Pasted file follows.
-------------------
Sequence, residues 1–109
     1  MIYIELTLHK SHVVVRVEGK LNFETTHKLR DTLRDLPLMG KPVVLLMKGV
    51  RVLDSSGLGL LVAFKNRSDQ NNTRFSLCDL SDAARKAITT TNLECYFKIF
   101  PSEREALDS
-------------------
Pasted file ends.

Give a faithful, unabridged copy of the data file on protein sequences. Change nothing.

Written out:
Sequence, residues 1–109
     1  MIYIELTLHK SHVVVRVEGK LNFETTHKLR DTLRDLPLMG KPVVLLMKGV
    51  RVLDSSGLGL LVAFKNRSDQ NNTRFSLCDL SDAARKAITT TNLECYFKIF
   101  PSEREALDS